How can we have radical empathy for both sides in this transition? Consider what is at stake for all of us in the cultural tension this election highlights. On the one hand, there is the progressive social agenda that Bernie Sanders, Hillary, Obama and so many others have worked so hard to advance: to mitigate and reverse centuries of systemic racism; millennia of patriarchy, sexism, misogyny, and homophobia; millennia of ethnic, cultural and religious bias against those with different features, different customs, different beliefs, different rituals. On the other hand, there is all the understandable grieving, adjustment, and protest that Trump tapped into: against decades of rising inequality; the collapse of manufacturing and the working middle class due to global outsourcing; the shock of being catapulted into a digital economy; the meteoric rise of China; the threat of global terrorism; and all the social dislocation caused by cultural and legal challenges to deeply held family values and traditional beliefs.
So where do we turn for healing in this polarizing time? If you think of what Buddhists call the collective karma driving our spilt-personality as a people, it seems to me that Trump represents the shadow side of our psyche--the last gasp of a self-enclosing, self-protective instinct that we all share in some way--the drive to stop the wheels of time, loss, vulnerability, and change. In some sense, our minds are frozen in a collective childhood dream of turning the clock back to the post-war era of American exceptionalism, when everything about our country was strong, and a recent conquest over an external evil seemed to have united us and the world around us.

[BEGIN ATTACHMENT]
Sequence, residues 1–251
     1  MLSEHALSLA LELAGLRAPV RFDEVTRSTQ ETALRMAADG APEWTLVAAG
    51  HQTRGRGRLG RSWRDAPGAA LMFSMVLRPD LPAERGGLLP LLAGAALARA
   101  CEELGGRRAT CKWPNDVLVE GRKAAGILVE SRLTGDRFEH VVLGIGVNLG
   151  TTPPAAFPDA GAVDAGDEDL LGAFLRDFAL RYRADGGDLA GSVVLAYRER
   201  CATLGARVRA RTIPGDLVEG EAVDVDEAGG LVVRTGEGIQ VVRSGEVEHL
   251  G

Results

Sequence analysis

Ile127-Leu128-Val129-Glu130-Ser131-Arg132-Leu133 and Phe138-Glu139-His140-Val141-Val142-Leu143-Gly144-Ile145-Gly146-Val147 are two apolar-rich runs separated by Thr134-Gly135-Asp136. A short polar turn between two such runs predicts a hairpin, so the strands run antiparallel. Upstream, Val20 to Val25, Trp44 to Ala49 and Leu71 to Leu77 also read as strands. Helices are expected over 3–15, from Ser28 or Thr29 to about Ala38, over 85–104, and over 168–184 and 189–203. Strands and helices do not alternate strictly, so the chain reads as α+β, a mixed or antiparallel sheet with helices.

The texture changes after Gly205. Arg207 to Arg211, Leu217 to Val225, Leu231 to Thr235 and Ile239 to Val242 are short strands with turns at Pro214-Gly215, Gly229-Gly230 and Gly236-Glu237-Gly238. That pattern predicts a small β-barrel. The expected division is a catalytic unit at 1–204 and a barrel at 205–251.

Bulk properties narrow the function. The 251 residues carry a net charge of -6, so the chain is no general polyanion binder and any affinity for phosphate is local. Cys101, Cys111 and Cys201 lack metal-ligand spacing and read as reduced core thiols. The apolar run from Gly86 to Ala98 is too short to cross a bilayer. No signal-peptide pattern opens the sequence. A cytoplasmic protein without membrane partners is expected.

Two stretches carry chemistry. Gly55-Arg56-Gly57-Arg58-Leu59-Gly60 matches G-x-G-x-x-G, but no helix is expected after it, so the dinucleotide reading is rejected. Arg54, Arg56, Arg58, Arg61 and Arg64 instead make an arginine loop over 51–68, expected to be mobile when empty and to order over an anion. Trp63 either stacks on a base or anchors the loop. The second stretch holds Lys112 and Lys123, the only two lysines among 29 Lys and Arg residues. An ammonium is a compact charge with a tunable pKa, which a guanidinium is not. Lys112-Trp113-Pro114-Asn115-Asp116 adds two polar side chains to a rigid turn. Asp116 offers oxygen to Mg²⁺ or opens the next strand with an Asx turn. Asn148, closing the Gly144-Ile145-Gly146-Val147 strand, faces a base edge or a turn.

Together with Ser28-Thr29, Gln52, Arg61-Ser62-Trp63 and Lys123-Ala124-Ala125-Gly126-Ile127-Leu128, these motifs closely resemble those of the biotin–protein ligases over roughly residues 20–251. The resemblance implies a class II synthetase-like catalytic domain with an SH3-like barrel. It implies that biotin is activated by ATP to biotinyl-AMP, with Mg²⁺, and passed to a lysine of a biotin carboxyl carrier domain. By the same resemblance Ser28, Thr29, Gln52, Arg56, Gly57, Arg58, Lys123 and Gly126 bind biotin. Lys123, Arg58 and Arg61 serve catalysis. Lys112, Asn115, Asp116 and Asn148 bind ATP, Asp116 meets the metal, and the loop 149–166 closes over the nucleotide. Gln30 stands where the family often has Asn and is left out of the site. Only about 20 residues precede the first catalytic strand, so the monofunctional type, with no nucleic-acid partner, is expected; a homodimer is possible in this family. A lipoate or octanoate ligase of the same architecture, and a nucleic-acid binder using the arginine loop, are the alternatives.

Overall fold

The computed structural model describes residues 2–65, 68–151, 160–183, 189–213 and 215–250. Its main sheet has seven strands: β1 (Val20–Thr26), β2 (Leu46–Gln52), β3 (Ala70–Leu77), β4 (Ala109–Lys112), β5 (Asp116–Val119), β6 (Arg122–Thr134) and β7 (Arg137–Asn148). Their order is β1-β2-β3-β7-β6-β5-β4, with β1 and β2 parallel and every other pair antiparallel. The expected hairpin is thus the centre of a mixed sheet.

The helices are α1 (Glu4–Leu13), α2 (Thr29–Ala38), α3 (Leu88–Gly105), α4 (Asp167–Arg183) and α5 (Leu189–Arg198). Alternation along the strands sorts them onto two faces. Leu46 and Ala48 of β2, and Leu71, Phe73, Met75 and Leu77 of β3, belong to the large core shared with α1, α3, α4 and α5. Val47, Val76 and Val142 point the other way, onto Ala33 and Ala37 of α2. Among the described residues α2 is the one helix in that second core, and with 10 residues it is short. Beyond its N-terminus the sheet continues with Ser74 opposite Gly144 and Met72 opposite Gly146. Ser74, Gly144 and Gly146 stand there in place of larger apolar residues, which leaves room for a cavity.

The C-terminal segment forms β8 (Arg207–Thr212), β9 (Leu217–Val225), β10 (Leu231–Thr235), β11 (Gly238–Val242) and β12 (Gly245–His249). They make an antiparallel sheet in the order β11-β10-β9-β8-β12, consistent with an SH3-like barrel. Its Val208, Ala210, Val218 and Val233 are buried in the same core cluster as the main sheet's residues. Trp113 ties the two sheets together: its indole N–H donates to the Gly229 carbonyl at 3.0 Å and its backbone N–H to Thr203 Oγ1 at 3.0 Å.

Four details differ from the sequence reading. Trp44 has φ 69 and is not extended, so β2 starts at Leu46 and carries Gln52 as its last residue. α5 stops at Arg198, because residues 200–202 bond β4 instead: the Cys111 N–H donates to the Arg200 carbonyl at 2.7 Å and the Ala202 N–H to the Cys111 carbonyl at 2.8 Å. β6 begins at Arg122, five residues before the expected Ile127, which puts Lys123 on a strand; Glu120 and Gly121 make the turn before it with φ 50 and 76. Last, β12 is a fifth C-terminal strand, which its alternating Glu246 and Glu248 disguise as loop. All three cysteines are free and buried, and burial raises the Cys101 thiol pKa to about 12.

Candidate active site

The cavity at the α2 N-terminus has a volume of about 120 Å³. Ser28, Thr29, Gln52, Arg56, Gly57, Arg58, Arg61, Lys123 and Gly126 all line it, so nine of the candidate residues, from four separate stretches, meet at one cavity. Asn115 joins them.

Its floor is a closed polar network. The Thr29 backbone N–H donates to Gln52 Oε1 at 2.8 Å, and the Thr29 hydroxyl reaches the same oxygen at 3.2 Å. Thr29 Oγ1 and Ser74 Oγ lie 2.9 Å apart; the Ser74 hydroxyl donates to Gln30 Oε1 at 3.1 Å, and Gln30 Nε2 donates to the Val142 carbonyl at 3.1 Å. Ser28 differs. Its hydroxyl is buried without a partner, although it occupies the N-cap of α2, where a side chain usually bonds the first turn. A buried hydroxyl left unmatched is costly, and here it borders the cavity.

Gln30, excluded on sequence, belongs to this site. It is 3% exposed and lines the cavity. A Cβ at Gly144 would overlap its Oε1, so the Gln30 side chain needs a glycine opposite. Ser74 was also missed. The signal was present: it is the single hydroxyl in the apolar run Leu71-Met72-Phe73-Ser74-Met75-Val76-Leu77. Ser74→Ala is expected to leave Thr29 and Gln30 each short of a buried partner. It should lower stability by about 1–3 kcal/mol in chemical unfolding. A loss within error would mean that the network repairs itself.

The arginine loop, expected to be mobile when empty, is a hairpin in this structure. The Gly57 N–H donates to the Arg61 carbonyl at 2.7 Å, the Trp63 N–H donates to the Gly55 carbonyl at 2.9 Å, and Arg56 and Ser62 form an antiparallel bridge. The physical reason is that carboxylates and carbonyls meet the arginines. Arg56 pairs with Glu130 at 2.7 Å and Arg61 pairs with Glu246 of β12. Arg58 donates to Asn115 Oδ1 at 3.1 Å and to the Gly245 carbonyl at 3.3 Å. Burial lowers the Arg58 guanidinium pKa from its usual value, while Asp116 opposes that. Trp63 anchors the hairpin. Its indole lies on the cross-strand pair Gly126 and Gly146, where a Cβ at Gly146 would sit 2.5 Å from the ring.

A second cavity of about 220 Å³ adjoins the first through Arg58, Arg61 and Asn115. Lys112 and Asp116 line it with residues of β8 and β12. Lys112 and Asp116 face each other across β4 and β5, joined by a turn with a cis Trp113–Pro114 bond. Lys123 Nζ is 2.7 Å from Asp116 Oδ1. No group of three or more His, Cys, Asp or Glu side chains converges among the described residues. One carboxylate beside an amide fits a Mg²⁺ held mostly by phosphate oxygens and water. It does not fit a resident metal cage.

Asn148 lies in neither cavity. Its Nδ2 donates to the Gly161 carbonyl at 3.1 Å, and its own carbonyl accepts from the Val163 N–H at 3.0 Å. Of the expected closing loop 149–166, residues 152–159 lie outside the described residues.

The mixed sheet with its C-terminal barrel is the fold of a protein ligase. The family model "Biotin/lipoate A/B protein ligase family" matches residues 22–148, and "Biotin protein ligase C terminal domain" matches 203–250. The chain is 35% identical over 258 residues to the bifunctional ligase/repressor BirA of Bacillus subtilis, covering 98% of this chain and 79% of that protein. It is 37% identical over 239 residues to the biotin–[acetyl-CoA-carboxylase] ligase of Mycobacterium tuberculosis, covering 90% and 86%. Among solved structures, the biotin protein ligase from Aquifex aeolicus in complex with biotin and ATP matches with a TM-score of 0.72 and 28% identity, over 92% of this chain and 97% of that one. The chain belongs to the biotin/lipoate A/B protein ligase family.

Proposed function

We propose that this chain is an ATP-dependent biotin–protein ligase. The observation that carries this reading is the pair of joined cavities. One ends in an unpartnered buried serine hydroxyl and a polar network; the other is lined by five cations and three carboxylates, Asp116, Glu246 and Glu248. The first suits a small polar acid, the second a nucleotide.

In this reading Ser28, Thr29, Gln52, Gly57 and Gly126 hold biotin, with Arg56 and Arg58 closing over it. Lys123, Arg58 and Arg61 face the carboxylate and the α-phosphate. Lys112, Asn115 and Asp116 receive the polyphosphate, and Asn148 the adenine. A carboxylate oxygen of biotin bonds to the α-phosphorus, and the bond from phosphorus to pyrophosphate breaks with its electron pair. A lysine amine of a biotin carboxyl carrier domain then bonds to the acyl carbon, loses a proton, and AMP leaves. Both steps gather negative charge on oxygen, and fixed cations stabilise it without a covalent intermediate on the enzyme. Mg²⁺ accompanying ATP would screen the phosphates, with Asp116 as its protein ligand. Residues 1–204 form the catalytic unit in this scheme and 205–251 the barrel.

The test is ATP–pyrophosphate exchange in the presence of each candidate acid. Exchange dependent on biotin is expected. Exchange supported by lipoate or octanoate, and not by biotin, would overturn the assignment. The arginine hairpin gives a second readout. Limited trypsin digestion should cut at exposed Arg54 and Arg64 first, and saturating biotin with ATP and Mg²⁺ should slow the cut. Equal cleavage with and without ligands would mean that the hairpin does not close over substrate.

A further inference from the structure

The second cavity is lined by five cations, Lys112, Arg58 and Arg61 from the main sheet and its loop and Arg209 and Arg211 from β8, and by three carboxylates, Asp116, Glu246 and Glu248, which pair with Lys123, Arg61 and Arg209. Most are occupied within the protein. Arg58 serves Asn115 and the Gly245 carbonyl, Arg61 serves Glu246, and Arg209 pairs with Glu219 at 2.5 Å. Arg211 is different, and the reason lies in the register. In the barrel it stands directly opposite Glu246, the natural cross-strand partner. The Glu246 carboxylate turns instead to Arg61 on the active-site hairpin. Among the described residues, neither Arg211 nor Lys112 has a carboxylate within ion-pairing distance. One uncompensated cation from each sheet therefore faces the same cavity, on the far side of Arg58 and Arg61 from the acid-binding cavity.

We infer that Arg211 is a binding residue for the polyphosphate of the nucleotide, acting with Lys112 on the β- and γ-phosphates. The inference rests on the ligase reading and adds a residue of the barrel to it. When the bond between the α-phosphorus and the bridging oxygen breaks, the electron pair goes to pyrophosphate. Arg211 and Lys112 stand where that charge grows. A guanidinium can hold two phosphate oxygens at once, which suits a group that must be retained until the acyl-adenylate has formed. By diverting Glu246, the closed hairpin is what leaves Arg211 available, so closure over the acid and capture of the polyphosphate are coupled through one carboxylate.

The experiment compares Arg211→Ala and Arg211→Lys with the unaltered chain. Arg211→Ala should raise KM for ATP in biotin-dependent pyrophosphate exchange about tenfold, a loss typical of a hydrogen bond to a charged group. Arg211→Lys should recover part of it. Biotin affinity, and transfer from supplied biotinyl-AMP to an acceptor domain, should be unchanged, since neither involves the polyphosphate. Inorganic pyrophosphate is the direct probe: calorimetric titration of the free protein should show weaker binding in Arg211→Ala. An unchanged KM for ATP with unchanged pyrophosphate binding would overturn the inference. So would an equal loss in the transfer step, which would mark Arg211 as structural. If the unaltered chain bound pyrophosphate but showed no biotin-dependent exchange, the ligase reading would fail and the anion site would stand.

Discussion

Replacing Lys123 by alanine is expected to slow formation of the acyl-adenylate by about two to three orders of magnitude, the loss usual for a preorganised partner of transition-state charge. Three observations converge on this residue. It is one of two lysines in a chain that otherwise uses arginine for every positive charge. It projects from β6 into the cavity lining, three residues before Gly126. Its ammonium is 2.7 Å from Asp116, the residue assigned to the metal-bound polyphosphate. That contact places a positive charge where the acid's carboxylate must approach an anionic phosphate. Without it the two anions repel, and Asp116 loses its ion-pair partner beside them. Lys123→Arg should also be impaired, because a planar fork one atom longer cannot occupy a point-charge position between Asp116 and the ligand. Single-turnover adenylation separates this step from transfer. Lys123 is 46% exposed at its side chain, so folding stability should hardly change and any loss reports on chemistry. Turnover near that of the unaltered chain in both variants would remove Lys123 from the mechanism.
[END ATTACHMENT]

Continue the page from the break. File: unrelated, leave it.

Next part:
Of course, we know now that it was that pivotal moment in history, not our country, that was exceptional. And we also know that, beneath the triumphant facade of unity, our society even then was riddled with repressed traumas, ideological conflicts, and escalating addictions that would soon come out in the 1960's. These included the legacy of racism and gender bias, the challenges of multiculturalism, the destructive forces of an unbridled carbon economy, an insidious pandemic of sexual and domestic abuse, the unconscious narcissism of our sense of manifest destiny and exceptionalism, and our profound lack of knowledge of the global stage onto which we had just stepped.